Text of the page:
It’s NOT Up To You: To treat or not to treat

Posted: March 8, 2010 in Uncategorized

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One of the questions that comes up often is what type of reward (motivation tool) to use during dog training. Some folks swear by affection (The Monks of New Skete for example), some like to use toys (Wendy and Jack Volhard for example), and of course the old stand-by is food reward.

So which one of these (or is there a forth option?) is the best tool. The answer? It’s not up to you.

It’s up to the dog of course. What motivates the dog the most? Your job as a dog handler is to figure that out and then use that.
 
Most dogs are motivated by food, so of course food reward is the old stand-by; however, I’ve worked with dogs (two in particular come to mind) who could care less about food.

One (Lassie look alike) was all about affection. What was little bizarre about it is that Lassie was motivated particularly by male affection. Her owner was female, and her owner had worked with a female trainer before and they didn’t get very far. This dog seemed to respond and work for male affection.
 
The other (Snoopy look alike) wasn’t motivated by affection, food or toys, but by interaction. She wanted someone who could match her energy and the level of excitement (the owner was an elderly lady who had another very mellow dog). Once you managed to get as hyper as she was, once we were on the same wave length of sorts, she was very easy to work with.

So how come some trainers have tremendous success always using just one method for all dogs? There are at least two reasons.

First, it is congruent with their personality and they have become technically proficient at maximizing the desired effects.
Second, there are ways in which one can make any of these methods more effective. In other words, we can manipulate the dog’s proclivities to our advantage.

We will discuss the first point in another post, for now, we will talk about making whatever method you use more effective.

To that end, whatever is used for training, shouldn’t be used outside the training. Why? Because it loses value.

Would you work for money if you had all the money in the world?

Lets drive this point home.

What is your favorite food? Pizza, cake, stake, chocolate…? If you were fed your favorite food 3 times a day, how long before you were entirely satiated and sick of that particular food?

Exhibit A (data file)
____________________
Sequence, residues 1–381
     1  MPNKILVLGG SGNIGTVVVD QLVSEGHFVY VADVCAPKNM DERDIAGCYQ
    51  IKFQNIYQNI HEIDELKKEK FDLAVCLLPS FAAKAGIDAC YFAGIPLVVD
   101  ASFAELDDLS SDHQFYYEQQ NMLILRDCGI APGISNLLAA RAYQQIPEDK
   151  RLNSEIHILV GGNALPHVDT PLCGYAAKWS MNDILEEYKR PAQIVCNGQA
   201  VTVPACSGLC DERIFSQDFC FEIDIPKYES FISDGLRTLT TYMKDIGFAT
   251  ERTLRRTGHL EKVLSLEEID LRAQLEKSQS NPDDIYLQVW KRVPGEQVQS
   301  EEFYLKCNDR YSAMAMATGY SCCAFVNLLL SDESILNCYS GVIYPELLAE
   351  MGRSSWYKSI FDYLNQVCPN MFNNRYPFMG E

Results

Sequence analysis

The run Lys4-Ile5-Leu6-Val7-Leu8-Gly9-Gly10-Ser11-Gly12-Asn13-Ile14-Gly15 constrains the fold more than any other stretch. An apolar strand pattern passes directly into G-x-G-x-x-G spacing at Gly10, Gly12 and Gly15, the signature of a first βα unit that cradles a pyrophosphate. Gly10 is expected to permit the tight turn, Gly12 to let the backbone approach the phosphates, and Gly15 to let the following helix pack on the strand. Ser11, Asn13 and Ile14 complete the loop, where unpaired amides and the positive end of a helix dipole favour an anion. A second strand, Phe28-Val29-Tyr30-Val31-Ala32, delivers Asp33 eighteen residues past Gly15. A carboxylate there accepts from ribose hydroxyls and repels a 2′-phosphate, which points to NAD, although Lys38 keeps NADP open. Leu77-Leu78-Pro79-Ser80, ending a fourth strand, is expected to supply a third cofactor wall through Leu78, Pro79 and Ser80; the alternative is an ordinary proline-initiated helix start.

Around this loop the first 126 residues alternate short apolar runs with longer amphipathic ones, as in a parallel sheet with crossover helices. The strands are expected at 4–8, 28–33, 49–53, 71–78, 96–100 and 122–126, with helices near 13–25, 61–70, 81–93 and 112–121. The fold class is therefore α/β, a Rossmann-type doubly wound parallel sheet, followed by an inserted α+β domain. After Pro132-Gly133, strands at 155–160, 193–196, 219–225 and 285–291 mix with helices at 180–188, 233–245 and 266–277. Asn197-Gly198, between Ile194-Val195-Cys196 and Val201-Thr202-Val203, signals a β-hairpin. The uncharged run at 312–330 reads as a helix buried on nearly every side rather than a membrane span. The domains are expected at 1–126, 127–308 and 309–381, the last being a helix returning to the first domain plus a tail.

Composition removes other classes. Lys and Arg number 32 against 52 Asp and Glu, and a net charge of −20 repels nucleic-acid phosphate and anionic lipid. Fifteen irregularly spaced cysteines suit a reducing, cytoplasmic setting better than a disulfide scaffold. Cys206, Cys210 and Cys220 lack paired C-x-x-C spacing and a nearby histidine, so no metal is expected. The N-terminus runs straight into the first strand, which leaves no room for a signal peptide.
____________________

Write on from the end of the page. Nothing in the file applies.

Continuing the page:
By the same token, if your dog receives treats throughout the day and for doing absolutely nothing, those food rewards will start to matter less.
Affection is a particularly difficult thing to withdraw, however the same principle applies. If you are constantly smothering your dog with affection, he will not work for it. Same goes for toys. I am not saying to deprive your dog of toys, but I am saying that certain high-value toys that are used during training should ONLY be used during training.

Here is a trick some trainers use. This is almost never shared with general public.

Trainers will reward-starve the dog before the training session to make the dog work harder and pay close(er) attention to the handler. This may be a difficult concept to digest for some folks, but its no different than when your doctor asks you not to eat the day before a procedure.

Here is an example.

Lets say we will have a food-reward based training session tomorrow. In order to make the dog a highly cooperative party in this training session, we will choose NOT to feed the dog dinner the night before and breakfast the day of. A healthy dog can last weeks without food, so skipping 1-2 meals is not that drastic. You can bet that a dog who is only somewhat motivated by food will be highly motivated by food if hungry.

Same goes for affection. Trainers will keep the dog isolated for few hours to a day before engaging in a training session. Once the training begins and affection is shared with a dog that hasn’t received it in a while, it becomes very valuable.

You can see how taking these techniques to their extreme can be cruel and inhumane, which is why they are NOT shared with general public.
Thinking goes like this. Your average dog owner is probably unable to apply these techniques in effective yet humane way. Besides, most dog owners don’t need this level of cooperation. However, knowing about these techniques, how they are used, and how they are applied, should be enough to convince the dog owner to pull-back on treats outside the training times (if treats are used as motivation), or hold-back the affection if affection is used as a reward. Same goes for toys.

I would love to hear about weird dogs you’ve encountered. The ones that work only for male affection, or the ones who are looking for someone to match their energy level before they start “listening” to you. What motivational tool have you used outside of the big three? (food, affection, toy).

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Posted via web from Dogan Dogs Video Blogs

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Comments
  1. Mary Lou says:

    For those who opt to treat, Amazon has treat pouches on sale. They help free up your hands. http://centhound.com/treat-pouch-special

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